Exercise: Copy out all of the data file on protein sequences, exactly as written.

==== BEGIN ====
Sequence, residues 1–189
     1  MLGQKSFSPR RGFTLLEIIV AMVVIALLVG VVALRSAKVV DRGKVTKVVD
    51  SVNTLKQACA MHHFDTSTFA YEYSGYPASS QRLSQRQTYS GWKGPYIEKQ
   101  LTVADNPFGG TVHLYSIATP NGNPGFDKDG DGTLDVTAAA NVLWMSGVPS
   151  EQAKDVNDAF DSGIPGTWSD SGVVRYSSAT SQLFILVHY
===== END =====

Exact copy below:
Sequence, residues 1–189
     1  MLGQKSFSPR RGFTLLEIIV AMVVIALLVG VVALRSAKVV DRGKVTKVVD
    51  SVNTLKQACA MHHFDTSTFA YEYSGYPASS QRLSQRQTYS GWKGPYIEKQ
   101  LTVADNPFGG TVHLYSIATP NGNPGFDKDG DGTLDVTAAA NVLWMSGVPS
   151  EQAKDVNDAF DSGIPGTWSD SGVVRYSSAT SQLFILVHY